The illusion of military dominance
Kevin Martin and Brad Wolf
United States military analysts love strategies and the theories behind them. The theories provide what appear to be perfectly reasonable and rational approaches to warfighting, even offering a sense of certainty about the outcome. After all, they’ve been designed with military precision. Authorized personnel at the Pentagon or military think tanks are assigned to create strong, catchy names for the theories. A longtime theory is “Escalation Dominance,” which has a close cousin called “Full-Spectrum Dominance.”
Both theories promote the idea that effective deterrence comes from being able to defeat the enemy in every step of a potential conflict, in any place, and at any time, from small-scale skirmishes between proxy guerillas up to and including nuclear war, and possible escalation within a specific conflict. Such strategies would, in theory, deter any adversary from initiating any step up the escalation ladder.
Like all military strategies they sound convincing enough on paper, even alluring. What red-blooded American, or Russian, would walk away from dominance? But in the concrete, these theories fail to deliver, and we could quite likely end up with escalation disaster. Escalation Dominance has already failed given that Russia invaded Ukraine and took a substantial step up the escalation ladder, with perhaps more to come.
A hubris undermines such military theories, a woefully misplaced and dangerous self-confidence, not to mention a stunning disregard for the millions of lives sacrificed if such theories are put to the test, and fail. Gaming this out with computers is one thing, unleashing it on the world another. Reading the enemy’s mind once the escalation begins and missiles are flying is futile, even suicidal.
Some say Ukraine should not have relinquished its vast nuclear arsenal when the Cold War ended in exchange for protective assurances from the West. In the eyes of some commentators, President Zelensky implied that Ukraine might now have to develop its own nuclear deterrence program. Putin quickly responded with retaliatory threats. Meanwhile, military analysts tinker with their theories and fine-tune their messages as world events continue to stump them.
These military analysts are paid well, often by the U.S. government, weapons manufacturers, and the mass media, all of whom have an interest in warmaking. Military think tanks are funded with U.S. taxpayer dollars, as are military research programs at American universities across the nation. We spend tens of millions of dollars playing computer war games. We spend close to $1 trillion a year funding personnel and machinery for actual warmaking.
Where are the millions for peace? Is it unfathomable to think that the same money, talent, and resources could be invested in creating a strategy for a new security arrangement in Europe that would include Russia? After the atrocities that Putin and his military have inflicted on Ukraine, it is a bitter pill to swallow. But the alternative is either a drawn-out proxy war with Russia which bleeds the Ukrainian and Russian people (while bleeding Western economies), or to continue up the escalation ladder with deadlier weapons delivered and deployed by Ukraine. In either case, far more die. And as the fog of war sets in, escalation dominance becomes escalation guesswork. At some point, the military must concede it possesses only a theory. Given their track record, risking all of humanity on one of their theories is a gamble for the delusional.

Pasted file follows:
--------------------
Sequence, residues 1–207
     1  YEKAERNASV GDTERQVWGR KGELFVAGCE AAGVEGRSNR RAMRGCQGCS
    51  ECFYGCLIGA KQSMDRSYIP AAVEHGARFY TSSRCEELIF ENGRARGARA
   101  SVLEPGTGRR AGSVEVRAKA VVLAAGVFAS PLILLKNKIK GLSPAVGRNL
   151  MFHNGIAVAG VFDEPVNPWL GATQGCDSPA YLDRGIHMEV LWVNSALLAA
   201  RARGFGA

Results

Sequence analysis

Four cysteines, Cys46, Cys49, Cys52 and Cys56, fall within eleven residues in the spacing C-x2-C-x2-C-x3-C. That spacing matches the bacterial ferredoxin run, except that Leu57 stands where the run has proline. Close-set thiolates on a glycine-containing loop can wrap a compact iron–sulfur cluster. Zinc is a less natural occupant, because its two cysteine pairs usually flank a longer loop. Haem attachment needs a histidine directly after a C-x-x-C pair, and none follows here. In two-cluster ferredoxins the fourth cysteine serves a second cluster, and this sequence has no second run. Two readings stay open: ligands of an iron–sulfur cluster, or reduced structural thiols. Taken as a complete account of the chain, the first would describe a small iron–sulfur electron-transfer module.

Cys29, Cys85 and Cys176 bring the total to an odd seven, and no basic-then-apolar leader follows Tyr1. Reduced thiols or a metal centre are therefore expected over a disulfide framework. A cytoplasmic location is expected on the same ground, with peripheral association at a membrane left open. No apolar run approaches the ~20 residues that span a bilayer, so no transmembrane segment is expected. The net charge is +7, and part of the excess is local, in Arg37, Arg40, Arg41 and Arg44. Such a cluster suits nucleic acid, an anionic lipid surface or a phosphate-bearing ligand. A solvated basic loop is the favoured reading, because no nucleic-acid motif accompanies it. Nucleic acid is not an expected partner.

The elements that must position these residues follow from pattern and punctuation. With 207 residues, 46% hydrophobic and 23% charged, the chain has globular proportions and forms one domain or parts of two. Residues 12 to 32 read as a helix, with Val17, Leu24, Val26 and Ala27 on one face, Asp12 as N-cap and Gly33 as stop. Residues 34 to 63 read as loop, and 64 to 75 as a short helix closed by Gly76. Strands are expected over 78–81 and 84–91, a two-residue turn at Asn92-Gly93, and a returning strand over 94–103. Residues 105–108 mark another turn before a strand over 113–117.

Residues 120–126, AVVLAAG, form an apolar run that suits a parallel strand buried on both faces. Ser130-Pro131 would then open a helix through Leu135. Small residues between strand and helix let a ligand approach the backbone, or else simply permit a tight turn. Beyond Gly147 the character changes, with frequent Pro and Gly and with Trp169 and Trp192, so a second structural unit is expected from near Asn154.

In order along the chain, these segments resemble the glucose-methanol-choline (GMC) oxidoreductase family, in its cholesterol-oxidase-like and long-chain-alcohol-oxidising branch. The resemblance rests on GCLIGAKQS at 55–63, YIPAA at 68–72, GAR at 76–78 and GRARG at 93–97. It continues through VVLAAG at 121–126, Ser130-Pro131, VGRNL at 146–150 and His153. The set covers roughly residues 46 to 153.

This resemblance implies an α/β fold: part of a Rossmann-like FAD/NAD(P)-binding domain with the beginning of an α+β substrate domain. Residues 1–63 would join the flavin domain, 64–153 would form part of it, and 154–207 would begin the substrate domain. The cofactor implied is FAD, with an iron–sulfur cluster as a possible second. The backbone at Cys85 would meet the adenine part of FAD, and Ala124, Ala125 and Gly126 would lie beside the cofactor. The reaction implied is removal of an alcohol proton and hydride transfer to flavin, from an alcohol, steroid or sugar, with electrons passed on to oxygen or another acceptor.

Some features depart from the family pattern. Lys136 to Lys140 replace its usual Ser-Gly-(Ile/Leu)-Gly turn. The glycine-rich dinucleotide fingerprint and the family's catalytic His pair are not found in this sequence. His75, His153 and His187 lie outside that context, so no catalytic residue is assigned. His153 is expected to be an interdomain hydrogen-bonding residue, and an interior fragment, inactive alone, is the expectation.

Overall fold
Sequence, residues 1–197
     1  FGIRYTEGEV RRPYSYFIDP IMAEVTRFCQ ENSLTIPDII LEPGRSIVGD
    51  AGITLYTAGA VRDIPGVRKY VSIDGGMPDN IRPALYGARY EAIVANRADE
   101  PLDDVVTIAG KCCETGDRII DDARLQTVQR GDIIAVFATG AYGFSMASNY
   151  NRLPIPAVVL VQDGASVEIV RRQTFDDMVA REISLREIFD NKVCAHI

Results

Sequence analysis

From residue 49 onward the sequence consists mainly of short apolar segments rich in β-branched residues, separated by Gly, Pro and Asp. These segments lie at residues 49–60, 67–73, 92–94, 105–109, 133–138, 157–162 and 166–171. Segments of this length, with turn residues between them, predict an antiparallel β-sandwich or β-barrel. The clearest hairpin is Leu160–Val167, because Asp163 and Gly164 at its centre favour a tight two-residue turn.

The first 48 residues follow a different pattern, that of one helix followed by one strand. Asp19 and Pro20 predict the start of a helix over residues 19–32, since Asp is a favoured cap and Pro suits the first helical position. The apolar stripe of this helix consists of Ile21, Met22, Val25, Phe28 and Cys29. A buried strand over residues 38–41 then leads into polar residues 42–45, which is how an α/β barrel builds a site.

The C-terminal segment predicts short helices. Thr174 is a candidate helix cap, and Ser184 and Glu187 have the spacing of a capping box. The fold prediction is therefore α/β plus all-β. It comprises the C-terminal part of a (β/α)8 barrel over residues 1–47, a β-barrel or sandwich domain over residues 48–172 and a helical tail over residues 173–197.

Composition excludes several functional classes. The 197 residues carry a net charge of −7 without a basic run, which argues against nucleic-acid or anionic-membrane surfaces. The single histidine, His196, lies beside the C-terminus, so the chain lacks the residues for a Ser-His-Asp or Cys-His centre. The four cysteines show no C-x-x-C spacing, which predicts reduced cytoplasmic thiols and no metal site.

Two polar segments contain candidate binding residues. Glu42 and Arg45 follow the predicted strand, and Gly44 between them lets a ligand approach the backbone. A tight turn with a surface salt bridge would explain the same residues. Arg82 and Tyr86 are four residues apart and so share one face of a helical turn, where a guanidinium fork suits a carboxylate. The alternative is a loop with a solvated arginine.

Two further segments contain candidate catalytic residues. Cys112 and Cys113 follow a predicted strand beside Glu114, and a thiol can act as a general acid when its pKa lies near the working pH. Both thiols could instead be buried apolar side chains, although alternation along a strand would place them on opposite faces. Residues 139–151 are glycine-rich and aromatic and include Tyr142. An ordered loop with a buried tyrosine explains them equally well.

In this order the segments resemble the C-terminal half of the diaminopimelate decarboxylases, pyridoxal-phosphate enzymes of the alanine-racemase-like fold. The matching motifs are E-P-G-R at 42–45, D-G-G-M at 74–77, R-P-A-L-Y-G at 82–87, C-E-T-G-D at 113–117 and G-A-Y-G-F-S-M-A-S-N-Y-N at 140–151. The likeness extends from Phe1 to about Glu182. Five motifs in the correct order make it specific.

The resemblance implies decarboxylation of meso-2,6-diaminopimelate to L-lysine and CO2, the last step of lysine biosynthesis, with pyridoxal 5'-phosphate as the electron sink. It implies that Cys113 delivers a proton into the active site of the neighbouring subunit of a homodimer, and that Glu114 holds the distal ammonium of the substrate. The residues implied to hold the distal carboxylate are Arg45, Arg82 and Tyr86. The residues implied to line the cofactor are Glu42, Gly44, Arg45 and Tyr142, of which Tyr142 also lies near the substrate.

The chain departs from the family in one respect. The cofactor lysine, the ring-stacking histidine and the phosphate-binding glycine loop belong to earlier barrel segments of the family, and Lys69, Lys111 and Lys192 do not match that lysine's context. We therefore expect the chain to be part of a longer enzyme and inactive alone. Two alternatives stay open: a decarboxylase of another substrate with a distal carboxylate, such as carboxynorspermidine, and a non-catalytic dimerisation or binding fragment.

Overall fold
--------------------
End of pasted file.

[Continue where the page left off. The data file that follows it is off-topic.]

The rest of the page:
A new security arrangement including Russia would mean the gradual phase out of NATO. Russia, one of the major Petro-states, could be weaned off its fossil fuel exports and brought into a new economy of alternative energies. As opposed to our unkept promises of the 1990s, we would truly integrate the Russian economy into Western economies without the perceived threat of NATO. Compromises would be necessary, on both sides. We could slowly, gradually escalate towards peace.
Peace is no harder (or easier) than war, and yet we are obsessed with war. We have simply not dedicated the resources to wage peace in the same determined, relentless way we have waged war. No million dollar think tanks to develop peace strategies. No big dollar grants for university peace initiatives. No highly paid peace analysts.
We posit no sexy title for our strategy. Peace, and only peace. That’s it. We can split the atom and rocket to the stars. Surely we can resolve our disputes without incinerating each other. We need set our minds, money, and resources to it. Dominance is for tyrants. It must fall and humanity must prevail. Peace is everything.
Brad Wolf, a former lawyer, professor, and community college dean, is co-founder of Peace Action Network of Lancaster, PA and writes for various publications.